Intro: I'm putting this question here in the context of the particular proposal because a moderator has recently deleted some comments that were discussing the issue of spreading votes out on questions to a maximum of ten per question to get the proposal moving along. There is quite some disagreement and it keeps breaking out into the comments of various questions. Let's discuss it here.
There's also a general Area51 discussion about this here.
Discuss 1: The point I've partly addressed already on the page linked above, the catch 22 about a site that involves a very particular area of expertise is that it will have to be regularly participated in by people who have the appropriate expertise and are particularly interested in the existence and continuation of that site. If you get involvement and votes from people outside that area during the Area51 stage where are they going to be when it goes beta or finally live?
Surely, the field itself has to be a significant one to start with before you could hope to get a ground swell big enough to maintain the continuity required for a web site. If the field has sufficient intellectual breadth and depth then good questions are going to abound. For example, Math.SE is a no brainer because of the sheer volume of mathematics being done in the world on a daily basis and its depth and breadth is unquestionable.
I realise there are two key factors to get a proposal off the ground: enough experts who are interested in helping other people and can "moderate" appropriate boundaries for the operation of the site by framing what they believe are appropriate questions and enough non experts hoping to use and learn from such a site that can indicate what questions would be useful to them to have answers for. A cart load of good questions is not enough as there have to be enough people with enough time between them to commit to such a site and to be able to answer those questions in a timely fashion.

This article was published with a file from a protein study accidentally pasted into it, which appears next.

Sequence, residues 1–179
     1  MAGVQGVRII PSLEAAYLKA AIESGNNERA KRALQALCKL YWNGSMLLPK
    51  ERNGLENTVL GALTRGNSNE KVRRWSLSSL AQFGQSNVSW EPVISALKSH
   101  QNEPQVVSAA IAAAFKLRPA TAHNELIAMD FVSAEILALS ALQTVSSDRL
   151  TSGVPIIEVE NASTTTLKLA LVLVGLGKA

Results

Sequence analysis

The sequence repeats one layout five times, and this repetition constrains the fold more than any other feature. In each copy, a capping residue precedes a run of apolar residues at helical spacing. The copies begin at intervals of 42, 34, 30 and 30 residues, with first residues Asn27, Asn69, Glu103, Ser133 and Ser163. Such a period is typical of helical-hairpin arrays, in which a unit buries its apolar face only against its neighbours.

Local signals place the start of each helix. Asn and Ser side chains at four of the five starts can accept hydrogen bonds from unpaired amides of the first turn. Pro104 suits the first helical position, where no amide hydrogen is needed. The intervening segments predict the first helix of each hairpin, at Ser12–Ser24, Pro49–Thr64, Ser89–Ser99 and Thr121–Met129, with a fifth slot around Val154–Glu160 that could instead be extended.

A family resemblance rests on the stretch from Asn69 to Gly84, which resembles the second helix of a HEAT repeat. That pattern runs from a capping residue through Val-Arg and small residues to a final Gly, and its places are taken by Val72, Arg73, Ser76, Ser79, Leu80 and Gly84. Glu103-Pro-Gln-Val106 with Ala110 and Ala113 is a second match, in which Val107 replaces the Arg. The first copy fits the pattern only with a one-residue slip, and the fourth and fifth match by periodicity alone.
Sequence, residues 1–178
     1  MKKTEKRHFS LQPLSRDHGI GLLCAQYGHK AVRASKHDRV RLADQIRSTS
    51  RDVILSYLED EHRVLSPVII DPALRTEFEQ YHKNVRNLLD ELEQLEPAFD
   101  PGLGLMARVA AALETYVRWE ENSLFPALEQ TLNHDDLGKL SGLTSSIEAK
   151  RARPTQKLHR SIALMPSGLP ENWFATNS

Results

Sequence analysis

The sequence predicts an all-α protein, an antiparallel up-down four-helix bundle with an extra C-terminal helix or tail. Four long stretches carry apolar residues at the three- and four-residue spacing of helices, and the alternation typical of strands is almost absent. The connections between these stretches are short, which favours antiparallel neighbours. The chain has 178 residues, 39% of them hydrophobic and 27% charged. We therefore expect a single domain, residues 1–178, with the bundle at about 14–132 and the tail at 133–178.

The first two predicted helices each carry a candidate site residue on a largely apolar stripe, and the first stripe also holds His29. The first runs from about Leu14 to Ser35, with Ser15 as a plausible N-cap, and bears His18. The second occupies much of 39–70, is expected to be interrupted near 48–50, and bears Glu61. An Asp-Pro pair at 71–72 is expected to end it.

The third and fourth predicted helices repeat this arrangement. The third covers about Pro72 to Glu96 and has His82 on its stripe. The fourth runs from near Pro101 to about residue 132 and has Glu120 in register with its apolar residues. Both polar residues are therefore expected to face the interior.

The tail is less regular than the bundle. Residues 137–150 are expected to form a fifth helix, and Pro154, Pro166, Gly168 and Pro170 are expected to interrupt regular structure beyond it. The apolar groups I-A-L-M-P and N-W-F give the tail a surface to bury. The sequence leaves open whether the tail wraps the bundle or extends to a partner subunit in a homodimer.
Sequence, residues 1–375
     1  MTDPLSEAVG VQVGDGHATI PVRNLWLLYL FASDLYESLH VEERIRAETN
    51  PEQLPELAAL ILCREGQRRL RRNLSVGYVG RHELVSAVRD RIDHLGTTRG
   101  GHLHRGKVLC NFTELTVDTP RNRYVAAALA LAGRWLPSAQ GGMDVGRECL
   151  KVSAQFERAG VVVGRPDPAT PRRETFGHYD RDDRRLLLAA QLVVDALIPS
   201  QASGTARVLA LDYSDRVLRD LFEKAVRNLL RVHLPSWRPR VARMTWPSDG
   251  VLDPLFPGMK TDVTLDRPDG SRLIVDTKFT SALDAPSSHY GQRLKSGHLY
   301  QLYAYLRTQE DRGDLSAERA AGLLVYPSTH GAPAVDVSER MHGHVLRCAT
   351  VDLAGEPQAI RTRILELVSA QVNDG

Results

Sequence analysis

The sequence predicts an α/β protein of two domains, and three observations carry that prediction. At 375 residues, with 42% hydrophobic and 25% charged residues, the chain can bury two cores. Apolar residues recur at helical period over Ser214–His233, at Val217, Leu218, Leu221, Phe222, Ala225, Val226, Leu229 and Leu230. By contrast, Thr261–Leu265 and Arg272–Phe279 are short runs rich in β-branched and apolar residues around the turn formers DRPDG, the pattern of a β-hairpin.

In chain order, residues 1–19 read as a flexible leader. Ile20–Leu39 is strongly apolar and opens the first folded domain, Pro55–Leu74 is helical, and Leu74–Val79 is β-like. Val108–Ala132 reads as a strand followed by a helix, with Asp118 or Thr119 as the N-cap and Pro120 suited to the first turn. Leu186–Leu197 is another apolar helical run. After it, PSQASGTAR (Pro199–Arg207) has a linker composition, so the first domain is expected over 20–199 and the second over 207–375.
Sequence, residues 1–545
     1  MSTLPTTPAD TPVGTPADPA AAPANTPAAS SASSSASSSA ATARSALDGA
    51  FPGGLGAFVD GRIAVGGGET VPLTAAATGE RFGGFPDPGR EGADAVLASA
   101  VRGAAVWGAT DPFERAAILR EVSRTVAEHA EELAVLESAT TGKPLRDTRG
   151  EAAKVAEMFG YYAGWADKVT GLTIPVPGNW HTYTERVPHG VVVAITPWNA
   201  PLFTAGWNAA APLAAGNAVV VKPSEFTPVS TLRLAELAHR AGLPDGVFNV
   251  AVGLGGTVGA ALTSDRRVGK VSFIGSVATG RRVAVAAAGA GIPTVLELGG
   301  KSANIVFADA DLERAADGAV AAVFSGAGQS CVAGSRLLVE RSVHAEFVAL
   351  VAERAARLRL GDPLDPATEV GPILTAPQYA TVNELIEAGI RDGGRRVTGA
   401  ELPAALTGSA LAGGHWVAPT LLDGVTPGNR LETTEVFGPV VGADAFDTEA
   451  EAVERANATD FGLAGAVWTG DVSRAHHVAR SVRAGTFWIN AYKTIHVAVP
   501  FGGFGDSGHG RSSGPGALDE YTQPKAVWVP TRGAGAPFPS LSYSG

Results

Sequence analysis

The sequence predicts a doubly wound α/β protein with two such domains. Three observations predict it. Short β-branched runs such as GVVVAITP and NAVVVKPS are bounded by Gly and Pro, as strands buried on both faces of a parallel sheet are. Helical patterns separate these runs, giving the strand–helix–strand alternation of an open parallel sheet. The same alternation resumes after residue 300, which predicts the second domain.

It's not clear to me how "good" a question has to be before it's worth answering and before it should be considered as carrying weight towards a site proposal. If you don't get it and having it answered helps you progress in your area isn't that what it's about? As teachers we're always encouraging students to ask questions no matter how silly they may think they are and yet here we're pushing towards asking good questions which is going to discourage those students who are already unsure of themselves.
I realise I'm not expressing this very well but basing myself on the comments of others it's clear to me that the Area51 process is not that clear and having some people talk about it like they're just stating the obvious doesn't help.
So, it's not clear to me that the current rules for followers and voting proportions and so on are the most efficacious possible. It's not clear to me that spreading votes to the ten point boundary is necessarily bad. Where's the evidence beyond anecdote and taking peoples' words for it?
I'm not disagreeing, just discussing and looking for more clarity.
Additionally, on the page about proposing new SEs, there is emphasis about them being clear cut question and answer sites. Perhaps this discussion is prevalent here because questions pertaining to teaching practice aren't often clear cut and don't often have clear cut answers.